It's not always easy when the final curtain calls. The emotion of it all can be overwhelming as you leave the arena for the last time. The nature of Tyrone's defeat to Dublin in the All-Ireland semi-final was not the way Séan Cavanagh wanted to make his exit.
The Red Hand had just been pulverised by the Dubs, Cavanagh was called ashore before the final whistle. He then had a different vantage point to view the excellence of Jim Gavin's team. Fittingly, members of that same team took turns post-match to wish the Moy clubman well.
Cavanagh felt that Tyrone had prepared well for the challenge of taking on the All-Ireland champions. He was bullish about their chances
"I felt we would win and I felt the system we had in place would be difficult for Dublin to break down," he revealed to RTÉ Sport.
"On the day we just weren’t prepared for what they threw at us. Having seen the Dublin players in the flesh, you can only but admire their power and their physicality.
"The way Dublin are evolving they could easily win seven or eight All-Irelands out of the next ten"
"After 15 or 20 minutes we were bleeding quite badly. Our energy was spent on chasing shadows. They played the wings brilliantly. Everything they were doing seemed to be very well practised and well put together
"What really impressed me was the way Jim Gavin was able to read us. We were beaten in almost every facet of the game. We didn't change our approach quick enough, they were so impressive in the way they closed us down. All told, it was Gavin at his meticulous best."
Next Sunday sees Dublin go in search of a fifth All-Ireland title this decade when, for the second year running, they take on Mayo.
Cavanagh believes the conveyor belt of talent at Dublin's disposal is so well oiled that the county will continue to enjoy success at the highest level.
"The way Dublin are evolving they could easily win seven or eight All-Irelands out of the next ten," he predicted.
"If you get a special group, most teams can maintain it for about to three to five years. When you go back to the start of this decade, Dublin had Rory O'Carroll, Bernard Brogan, Michael Daragh MacAuley, Ger Brennan and Diarmuid Connolly as the mainstays and now all of a sudden they have a new spine.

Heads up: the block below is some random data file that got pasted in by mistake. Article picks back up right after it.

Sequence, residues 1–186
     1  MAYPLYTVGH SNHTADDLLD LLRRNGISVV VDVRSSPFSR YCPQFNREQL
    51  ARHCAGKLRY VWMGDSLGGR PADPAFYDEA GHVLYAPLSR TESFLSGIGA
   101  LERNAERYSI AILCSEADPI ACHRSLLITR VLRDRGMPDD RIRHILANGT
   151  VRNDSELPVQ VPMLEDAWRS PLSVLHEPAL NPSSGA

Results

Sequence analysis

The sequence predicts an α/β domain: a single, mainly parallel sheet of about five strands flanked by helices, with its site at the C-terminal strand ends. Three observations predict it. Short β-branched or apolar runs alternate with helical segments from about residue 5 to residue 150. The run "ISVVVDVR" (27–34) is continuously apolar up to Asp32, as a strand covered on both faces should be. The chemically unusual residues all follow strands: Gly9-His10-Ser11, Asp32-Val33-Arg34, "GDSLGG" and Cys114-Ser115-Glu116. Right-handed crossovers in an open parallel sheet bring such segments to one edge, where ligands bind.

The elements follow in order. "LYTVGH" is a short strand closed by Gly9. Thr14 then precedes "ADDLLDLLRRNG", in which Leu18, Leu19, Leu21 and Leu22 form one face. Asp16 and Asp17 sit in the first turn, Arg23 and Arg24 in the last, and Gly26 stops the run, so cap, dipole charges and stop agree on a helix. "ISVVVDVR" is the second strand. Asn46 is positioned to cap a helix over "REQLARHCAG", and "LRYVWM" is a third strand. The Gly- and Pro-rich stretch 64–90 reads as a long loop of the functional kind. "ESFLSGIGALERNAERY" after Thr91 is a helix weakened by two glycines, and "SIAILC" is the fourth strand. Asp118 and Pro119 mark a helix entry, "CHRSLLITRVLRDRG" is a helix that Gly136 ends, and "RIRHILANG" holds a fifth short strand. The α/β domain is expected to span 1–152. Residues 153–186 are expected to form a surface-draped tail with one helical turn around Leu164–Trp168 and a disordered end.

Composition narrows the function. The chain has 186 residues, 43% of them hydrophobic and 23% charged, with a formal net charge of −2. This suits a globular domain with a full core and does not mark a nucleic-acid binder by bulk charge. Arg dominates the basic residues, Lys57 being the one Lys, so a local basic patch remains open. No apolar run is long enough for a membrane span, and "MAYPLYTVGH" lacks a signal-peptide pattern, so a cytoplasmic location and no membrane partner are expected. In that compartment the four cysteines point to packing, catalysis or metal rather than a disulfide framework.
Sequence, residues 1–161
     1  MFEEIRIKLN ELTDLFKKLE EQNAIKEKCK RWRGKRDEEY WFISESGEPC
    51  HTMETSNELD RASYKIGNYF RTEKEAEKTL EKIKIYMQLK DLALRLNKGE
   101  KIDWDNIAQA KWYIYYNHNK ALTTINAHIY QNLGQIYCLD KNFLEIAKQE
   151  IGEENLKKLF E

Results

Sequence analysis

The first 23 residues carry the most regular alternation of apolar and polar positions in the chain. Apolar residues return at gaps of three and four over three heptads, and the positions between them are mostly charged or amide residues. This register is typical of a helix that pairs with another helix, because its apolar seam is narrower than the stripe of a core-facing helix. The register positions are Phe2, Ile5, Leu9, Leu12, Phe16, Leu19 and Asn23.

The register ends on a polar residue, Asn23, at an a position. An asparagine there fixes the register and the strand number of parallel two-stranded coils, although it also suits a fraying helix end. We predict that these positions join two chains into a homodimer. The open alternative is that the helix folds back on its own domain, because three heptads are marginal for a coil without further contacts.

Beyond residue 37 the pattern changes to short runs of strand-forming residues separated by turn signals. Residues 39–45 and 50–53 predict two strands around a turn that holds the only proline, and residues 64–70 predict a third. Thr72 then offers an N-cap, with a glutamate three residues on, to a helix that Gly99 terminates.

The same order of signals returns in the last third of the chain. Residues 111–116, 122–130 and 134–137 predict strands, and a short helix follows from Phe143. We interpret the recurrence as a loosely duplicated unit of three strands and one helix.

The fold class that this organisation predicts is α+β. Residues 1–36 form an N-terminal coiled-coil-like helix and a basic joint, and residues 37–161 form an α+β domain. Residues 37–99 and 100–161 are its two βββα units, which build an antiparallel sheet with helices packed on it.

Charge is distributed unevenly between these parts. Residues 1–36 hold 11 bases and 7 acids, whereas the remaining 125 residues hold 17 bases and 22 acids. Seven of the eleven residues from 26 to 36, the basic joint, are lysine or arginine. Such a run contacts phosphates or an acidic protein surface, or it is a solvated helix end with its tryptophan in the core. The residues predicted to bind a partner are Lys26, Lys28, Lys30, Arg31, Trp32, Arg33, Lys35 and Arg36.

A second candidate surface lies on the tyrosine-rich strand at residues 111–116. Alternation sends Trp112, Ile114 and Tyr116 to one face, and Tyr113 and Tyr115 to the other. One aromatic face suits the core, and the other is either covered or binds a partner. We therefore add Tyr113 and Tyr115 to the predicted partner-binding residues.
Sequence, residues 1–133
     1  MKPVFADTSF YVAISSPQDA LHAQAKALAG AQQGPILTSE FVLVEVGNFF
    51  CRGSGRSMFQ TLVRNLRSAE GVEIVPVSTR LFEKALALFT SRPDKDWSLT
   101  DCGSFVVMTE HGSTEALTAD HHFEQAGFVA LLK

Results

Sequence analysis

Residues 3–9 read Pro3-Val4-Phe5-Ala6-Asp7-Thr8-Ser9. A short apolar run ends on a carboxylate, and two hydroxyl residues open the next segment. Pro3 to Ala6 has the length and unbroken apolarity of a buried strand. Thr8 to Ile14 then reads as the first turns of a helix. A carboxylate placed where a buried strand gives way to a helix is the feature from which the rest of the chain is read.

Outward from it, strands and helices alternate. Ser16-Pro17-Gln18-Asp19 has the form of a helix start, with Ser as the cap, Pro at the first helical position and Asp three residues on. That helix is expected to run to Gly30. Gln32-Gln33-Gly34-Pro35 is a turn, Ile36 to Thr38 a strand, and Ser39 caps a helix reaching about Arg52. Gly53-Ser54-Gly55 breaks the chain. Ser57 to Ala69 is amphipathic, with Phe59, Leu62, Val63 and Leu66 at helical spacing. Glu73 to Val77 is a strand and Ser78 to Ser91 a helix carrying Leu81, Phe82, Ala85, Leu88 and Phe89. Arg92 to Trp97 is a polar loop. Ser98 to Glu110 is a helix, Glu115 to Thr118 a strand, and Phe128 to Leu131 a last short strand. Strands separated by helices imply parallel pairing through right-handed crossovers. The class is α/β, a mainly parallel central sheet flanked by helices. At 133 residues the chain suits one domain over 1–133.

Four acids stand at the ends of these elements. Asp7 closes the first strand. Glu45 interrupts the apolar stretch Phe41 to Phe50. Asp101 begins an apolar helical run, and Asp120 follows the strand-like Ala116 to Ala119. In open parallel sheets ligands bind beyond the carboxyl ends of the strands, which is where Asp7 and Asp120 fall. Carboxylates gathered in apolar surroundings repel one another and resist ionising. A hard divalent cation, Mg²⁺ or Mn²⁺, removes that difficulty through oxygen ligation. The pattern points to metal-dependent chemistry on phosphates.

They have seamlessly made that transition and their leading players are now the younger generation coming through. Dublin are not going to go away. Whilst every other county has a period of transition, I don't believe Dublin are suffering from that.
"Jim Gavin has done an incredible job in ensuring that guys remain at their peak and if they are not he will make the necessary changes.
"You look at their bench now - Macauley, Brogan, McManamon sitting there - guys that have won multiple All-Irelands - guys that have been top players in our game scrambling for a few minutes here and there. It tells you a lot about what Jim Gavin and Dublin have been able to do."
When asked whether Dublin can add to their Sam Maguire haul in this year's decider, Cavanagh didn't think twice when responding.
"Dublin could win this All-Ireland playing at 80 percent, they don't have to be at full power."
Reflecting on their season so far, Cavanagh added: "Dublin have been ridiculously good all year. They don't do complacency and complacency won't be apparent in the final. They just blow teams away, winning games by an average of 12 to 15 points.
"We hear that Kildare gave them a game in the Leinster final, but they scored 1-01 late on to give the outcome a better look."
"Mayo will feel that this team is more resilient and that this is their time"
And what of Mayo?
The three-time All-Ireland winner draws comparisons with the Connacht county's protracted September route to the journey undertaken by Tyrone in their capture of Sam in 2005.
"Mayo will feel that this team is more resilient and that this is their time after all the games, including a few close shaves, that they’ve played this summer.
"In 2005, we played nine game before that final with Kerry, we had a feeling of being invincible. I have no doubt that this Mayo team will have that feeling right now. That feeling of not caring what has been thrown at us. They have come through some tough battles all over Ireland. All they have to do is get it right for one more game.
"Mayo are adaptable. First and foremost they do like a running game out of defence and then distribute the ball quickly into Andy Moran and Cillian O'Connor inside. Mayo's strength is that they can change strategies within the game and they are going to have be on top of that next Sunday.
"Stay with Dublin until the game settles down. Does Aidan O'Shea start in a more forward position? Will Cillian O'Connor come more out the field? Mayo have the scope to mix it. They’ll need that and more to cope with the artillery at Dublin’s disposal."
Live coverage of Dublin v Mayo in the All-Ireland SFC final (3.30pm) on The Sunday Game Live from 2.15pm on RTÉ2, with live radio commentary on Sunday Sport, RTÉ Radio 1 from 2pm.
Live blog from 1pm on RTE Sport Online and the News Now App.
Highlights of all the day's action on The Sunday Game on RTÉ2 from 9.30pm.